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Archive for Saturday, August 17, 1991

PROGRAM

August 17, 1991

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Carl Locke, dean of the Kansas University School of Engineering, is not shy about praising his students.

"I believe we have the finest students on campus," said Locke, basing his assessment on average ACT scores.

And he also says he has confidence in his students' abilities to adapt to new professional pressures tied to society's concern about the environment.

"The only way to correct those problems will be by good engineering solutions," Locke said, noting the school has developed a two-fold plan of attack to train students to be environmentally sensitive engineers.

The plan requires that professors emphasize the necessity of environmental considerations on all engineering projects and that students research possible corrections to environmental damage already caused by engineering.

LOCKE, WHO HAS been with the school since 1986, also represents KU on a coalition of universities working to keep their engineering programs up-to-date.

Other coalition schools are Kansas State University, Wichita State University, University of Nebraska-Lincoln, University of Missouri at Columbia, Oklahoma University, Oklahoma State University and the University of Arkansas.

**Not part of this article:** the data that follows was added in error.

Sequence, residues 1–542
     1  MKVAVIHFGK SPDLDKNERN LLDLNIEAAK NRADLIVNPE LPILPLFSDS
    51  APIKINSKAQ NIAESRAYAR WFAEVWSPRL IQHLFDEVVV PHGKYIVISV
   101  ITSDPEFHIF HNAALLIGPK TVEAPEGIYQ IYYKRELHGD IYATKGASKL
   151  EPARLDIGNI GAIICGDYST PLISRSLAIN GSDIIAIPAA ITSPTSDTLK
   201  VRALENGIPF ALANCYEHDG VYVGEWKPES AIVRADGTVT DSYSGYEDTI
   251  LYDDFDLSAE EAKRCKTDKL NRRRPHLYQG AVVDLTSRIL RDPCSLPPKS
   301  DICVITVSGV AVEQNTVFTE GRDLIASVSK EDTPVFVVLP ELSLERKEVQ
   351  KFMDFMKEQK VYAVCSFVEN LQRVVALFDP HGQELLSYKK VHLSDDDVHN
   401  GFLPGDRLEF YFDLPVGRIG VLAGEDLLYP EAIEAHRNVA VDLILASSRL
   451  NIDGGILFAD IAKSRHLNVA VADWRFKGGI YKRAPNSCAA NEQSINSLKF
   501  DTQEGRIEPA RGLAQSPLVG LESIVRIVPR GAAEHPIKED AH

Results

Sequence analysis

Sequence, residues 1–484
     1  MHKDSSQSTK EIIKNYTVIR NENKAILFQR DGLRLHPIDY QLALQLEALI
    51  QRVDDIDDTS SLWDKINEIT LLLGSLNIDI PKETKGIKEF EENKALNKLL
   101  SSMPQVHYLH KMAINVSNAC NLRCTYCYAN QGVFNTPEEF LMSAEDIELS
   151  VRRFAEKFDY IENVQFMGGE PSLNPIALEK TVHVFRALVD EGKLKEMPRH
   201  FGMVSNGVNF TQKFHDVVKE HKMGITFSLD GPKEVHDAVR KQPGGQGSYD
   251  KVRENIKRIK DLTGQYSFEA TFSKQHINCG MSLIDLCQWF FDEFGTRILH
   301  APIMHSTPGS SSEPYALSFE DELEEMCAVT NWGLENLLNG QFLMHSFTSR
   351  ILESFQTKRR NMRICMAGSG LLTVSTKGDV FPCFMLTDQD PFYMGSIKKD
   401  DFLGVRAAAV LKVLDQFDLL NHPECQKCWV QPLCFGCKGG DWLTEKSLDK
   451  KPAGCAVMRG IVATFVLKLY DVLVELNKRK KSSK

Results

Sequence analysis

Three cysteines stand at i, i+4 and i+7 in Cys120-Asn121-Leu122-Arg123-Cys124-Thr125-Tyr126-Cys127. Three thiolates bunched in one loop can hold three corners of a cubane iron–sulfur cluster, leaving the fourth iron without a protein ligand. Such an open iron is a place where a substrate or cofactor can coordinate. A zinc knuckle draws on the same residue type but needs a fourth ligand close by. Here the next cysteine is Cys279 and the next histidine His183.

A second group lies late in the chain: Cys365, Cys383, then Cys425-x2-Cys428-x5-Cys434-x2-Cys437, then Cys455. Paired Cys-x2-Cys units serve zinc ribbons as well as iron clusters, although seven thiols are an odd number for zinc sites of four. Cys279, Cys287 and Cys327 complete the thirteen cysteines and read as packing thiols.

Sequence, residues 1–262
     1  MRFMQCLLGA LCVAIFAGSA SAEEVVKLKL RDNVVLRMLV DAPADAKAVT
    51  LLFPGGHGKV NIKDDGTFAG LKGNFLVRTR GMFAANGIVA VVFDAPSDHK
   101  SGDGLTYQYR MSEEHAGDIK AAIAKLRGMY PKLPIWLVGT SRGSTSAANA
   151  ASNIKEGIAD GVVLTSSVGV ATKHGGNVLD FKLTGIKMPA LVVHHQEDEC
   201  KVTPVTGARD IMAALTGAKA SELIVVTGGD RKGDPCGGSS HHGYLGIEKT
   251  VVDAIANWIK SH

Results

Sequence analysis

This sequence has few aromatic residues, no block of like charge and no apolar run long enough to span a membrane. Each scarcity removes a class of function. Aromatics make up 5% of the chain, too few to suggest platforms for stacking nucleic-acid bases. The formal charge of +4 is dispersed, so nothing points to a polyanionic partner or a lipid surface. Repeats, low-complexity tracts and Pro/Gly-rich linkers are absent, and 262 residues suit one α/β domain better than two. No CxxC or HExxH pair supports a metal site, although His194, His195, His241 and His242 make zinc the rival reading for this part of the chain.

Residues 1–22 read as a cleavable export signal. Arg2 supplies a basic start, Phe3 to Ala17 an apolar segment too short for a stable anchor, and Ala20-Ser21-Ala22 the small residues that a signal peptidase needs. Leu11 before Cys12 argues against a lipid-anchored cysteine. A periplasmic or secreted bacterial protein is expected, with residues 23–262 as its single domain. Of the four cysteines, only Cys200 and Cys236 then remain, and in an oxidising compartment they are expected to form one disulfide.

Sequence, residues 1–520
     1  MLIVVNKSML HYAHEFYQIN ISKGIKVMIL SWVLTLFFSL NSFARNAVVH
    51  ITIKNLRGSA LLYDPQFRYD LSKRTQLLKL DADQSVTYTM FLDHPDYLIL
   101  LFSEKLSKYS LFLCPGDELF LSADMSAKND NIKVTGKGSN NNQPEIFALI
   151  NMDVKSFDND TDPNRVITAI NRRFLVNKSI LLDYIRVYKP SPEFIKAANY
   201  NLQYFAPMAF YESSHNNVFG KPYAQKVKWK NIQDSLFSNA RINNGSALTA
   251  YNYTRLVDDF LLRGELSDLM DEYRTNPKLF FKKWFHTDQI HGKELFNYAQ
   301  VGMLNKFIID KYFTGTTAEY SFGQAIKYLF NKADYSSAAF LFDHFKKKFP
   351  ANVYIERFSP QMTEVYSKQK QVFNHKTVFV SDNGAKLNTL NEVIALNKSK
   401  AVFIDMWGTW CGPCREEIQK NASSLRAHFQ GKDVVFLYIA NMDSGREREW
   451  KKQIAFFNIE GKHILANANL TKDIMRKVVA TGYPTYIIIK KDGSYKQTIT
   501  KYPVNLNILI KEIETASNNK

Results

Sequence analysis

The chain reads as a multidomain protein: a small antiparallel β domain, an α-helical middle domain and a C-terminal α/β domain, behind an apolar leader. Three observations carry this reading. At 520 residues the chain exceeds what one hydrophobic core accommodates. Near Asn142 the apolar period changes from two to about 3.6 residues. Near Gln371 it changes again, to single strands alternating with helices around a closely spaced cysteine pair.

Prompted by a request from the National Science Foundation 2 years ago, the coalition "looks at how to continue to improve the engineering program, which includes things like promoting responsibility to environmental concerns and world competition," Locke explained.

HE SAID ONE trend that coalition members, and colleges across the nation, are tracking is an overall drop in engineering enrollments. Reasons for the decrease include a declining population of U.S. high school students, diminished student interest in math and science courses and greater interest is business courses.

"Engineering is perceived as a way of making big bucks, but people are now focusing on business as a quicker way to money," Locke said.

To balance such enrollment trends over the years, the KU school, like many other professional schools on campus, has adopted an "enrollment management" plan that limits the number of undergraduates in each department.

Such limitations are intended to keep the size of the school consistent, Locke said.

"THIS IS THE first year for the plan, so it will be interesting to see how it affects the student body."

He said Kansas was one of only a few state universities with an open enrollment policy, which means that any graduate of an accredited Kansas high school is guaranteed admission to the university.

"But now, in addition to meeting requirements in math and science to be admitted to the engineering school," he said, "there will be limits to the numbers."

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